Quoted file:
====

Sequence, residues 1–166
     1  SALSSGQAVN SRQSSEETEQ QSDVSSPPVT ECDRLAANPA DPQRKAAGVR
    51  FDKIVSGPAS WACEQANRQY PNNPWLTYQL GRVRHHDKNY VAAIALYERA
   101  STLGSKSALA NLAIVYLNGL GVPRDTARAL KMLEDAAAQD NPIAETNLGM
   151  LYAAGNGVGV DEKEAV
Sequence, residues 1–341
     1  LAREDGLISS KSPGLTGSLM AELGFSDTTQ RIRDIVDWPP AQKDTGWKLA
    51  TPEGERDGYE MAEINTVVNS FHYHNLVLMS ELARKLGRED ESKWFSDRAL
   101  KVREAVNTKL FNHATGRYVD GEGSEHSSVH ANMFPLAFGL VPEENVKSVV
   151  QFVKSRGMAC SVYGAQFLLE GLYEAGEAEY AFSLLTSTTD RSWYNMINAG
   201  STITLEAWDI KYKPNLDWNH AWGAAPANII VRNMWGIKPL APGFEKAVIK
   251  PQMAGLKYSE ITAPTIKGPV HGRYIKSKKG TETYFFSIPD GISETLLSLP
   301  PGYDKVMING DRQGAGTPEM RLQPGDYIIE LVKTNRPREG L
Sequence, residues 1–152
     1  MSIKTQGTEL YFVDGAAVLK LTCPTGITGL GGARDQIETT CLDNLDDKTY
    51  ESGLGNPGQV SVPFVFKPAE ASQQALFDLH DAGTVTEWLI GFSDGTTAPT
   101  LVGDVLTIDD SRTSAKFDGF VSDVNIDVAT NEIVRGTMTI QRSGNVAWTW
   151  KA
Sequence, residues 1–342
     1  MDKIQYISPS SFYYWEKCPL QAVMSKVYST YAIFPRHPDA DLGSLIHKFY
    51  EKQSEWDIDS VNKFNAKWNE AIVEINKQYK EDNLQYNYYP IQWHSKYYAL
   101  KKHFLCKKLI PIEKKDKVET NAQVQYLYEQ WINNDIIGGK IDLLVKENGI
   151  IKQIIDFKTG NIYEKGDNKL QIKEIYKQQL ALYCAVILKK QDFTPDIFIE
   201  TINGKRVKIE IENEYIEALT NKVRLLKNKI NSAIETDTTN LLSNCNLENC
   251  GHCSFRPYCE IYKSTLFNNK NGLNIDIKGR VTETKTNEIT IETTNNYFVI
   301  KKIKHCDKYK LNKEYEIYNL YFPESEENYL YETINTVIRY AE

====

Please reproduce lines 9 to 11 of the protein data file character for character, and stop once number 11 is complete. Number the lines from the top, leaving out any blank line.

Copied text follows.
   101  KVREAVNTKL FNHATGRYVD GEGSEHSSVH ANMFPLAFGL VPEENVKSVV
   151  QFVKSRGMAC SVYGAQFLLE GLYEAGEAEY AFSLLTSTTD RSWYNMINAG
   201  STITLEAWDI KYKPNLDWNH AWGAAPANII VRNMWGIKPL APGFEKAVIK